If the Oilers are smart, they lock up Jesse Puljujarvi before he makes a Nichushkin-type breakthrough. The 24-year-old is an RFA with salary arbitration rights, but a cost-effective contract is very plausible.

Check out this Evolving Hockey RAPM comparison chart from multiple seasons, and Nichushkin is ahead of Puljujarvi, yet both provide tremendous two-way value:

From free agents to salary cap, Oilers face an offseason puzzle VN JP
Nichushkin: no longer a joke as a Selke candidate, but JP is sorely underrated. (via Evolving Hockey)

Frankly, both Nichushkin and Puljujarvi are the types of players old-school types should love. They’re both big, play a sound defensive game, and work hard. Grumble about highly drafted players not scoring as expected (at least right away), but it’s a testament to Nichushkin and Puljujarvi that they’re finding highly effective niches.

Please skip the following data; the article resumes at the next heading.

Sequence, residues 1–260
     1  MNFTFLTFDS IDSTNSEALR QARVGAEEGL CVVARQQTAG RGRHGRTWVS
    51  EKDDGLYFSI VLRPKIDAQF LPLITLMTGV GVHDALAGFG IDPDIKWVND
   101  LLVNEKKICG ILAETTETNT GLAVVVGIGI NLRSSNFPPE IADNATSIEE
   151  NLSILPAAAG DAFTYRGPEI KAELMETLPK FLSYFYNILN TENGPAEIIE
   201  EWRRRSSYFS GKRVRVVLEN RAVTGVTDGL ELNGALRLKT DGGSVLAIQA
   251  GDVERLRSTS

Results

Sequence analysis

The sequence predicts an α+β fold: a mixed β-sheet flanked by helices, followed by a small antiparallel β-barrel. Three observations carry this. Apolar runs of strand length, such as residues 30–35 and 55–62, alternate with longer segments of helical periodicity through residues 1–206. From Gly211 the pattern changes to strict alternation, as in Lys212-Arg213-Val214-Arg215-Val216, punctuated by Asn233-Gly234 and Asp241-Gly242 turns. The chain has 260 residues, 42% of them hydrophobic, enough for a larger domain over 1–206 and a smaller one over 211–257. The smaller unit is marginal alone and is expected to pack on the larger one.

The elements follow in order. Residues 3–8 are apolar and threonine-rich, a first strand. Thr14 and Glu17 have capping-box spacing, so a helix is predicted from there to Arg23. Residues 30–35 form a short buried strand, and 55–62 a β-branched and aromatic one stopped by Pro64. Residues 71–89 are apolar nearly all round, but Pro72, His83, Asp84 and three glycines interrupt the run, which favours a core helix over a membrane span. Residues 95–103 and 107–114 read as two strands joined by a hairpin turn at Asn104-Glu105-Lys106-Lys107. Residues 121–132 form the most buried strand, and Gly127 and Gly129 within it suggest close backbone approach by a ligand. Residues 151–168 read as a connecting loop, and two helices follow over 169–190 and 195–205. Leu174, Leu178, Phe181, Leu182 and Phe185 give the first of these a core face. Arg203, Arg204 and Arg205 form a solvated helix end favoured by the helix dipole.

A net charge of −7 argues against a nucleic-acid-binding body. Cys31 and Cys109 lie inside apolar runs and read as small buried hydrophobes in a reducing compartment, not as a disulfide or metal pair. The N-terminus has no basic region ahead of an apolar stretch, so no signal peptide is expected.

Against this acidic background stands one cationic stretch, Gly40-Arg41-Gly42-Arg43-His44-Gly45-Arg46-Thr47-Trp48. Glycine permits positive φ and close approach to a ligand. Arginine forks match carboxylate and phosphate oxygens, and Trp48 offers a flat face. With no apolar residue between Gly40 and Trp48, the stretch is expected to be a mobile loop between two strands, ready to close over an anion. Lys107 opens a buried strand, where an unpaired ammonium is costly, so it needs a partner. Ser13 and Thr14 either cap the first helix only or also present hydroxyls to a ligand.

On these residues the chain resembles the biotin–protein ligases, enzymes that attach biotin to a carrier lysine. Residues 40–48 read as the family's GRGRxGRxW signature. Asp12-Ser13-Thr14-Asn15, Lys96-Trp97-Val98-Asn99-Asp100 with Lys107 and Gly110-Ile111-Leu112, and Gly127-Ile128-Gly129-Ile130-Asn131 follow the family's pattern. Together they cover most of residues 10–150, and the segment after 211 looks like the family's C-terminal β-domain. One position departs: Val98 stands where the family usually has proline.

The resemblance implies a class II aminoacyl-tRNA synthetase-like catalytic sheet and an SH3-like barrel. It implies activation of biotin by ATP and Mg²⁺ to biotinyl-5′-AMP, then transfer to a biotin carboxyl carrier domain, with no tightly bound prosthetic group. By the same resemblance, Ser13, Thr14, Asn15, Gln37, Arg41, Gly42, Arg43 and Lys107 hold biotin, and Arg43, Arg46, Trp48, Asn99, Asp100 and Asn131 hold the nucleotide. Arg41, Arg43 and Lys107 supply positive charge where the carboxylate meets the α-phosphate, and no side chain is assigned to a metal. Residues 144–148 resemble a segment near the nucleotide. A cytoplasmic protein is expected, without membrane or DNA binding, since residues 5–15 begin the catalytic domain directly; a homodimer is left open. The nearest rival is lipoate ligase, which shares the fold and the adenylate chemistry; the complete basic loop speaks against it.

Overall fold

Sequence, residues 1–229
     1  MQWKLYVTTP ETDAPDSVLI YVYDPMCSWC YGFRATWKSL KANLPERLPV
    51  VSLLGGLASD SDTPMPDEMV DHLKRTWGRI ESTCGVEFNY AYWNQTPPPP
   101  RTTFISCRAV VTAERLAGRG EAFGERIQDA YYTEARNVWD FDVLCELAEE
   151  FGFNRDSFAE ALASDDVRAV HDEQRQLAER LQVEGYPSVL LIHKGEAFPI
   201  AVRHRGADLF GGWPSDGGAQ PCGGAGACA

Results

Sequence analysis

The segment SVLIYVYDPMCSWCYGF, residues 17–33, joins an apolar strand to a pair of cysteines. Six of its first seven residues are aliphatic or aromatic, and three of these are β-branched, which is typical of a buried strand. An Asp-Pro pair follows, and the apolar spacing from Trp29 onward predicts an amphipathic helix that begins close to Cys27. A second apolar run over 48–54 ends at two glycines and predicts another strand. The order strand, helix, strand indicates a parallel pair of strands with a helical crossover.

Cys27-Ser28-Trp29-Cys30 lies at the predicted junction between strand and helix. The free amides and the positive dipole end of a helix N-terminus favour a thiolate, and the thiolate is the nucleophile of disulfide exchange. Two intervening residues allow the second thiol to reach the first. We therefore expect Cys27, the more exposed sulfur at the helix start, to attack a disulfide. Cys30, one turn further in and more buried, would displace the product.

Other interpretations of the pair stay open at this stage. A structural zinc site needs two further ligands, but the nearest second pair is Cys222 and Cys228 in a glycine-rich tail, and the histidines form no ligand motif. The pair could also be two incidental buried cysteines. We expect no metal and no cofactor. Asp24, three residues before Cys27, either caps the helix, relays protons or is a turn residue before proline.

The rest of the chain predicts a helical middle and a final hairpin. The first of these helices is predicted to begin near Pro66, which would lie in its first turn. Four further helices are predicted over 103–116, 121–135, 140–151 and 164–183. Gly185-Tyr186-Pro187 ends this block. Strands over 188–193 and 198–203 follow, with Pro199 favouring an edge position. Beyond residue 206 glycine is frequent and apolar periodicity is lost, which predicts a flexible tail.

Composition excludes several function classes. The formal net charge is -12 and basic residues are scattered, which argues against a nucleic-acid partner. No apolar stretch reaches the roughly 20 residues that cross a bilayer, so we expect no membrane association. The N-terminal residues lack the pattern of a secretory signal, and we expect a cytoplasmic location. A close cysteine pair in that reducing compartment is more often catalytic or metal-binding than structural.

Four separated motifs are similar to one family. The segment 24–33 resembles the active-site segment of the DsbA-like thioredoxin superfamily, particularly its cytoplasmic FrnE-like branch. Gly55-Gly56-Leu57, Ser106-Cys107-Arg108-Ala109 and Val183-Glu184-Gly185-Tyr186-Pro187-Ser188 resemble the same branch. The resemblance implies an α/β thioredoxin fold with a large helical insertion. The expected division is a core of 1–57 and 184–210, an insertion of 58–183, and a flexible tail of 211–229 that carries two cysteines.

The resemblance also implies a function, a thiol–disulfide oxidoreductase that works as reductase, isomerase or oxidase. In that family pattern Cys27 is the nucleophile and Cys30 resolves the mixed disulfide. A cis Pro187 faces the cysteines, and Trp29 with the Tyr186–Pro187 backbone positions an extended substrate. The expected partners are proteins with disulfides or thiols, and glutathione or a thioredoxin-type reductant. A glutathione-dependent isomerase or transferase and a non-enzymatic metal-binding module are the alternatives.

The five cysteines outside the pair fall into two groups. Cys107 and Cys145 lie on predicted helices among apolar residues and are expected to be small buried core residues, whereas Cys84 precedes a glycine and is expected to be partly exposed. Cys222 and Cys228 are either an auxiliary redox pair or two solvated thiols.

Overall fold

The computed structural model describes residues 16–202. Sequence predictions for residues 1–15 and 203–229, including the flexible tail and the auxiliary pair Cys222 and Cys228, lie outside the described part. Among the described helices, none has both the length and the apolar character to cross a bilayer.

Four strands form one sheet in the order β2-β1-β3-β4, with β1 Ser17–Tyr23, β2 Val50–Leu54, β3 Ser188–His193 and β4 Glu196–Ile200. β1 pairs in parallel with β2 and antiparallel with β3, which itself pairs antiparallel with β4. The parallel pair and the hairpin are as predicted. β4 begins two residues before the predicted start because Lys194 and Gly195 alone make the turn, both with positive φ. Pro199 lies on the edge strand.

Chances are, crusty types gave up on such young players simply because their scoring dried up. The Oilers rank among the worst offenders, as they traded low on Taylor Hall and Jordan Eberle, and faced well-earned ridicule in the process.

If the Oilers traded Puljujarvi for pennies on the dollar, it would repeat that ugly history, and echo the defense-obsessed Stars buying out Valeri Nichushkin for marginal savings.

Sometimes it’s as simple as: smart teams buy low and sell high, while everyone else scrambles to find answers.

Letting Evander Kane walk might sting, yet it’s likely the wise move

After his Sharks buyout, the Oilers ignored Evander Kane’s disturbing list of “controversies and legal issues.” They signed him, and he scored a lot of goals.

Being that they already shook off questions about Kane the person, it’s not shocking that they want to keep Kane the player after an undeniably productive run.

Nonetheless, the Oilers are aware that it simply might not be possible.

Again, though, there’s the chess analogy of thinking “three moves ahead.”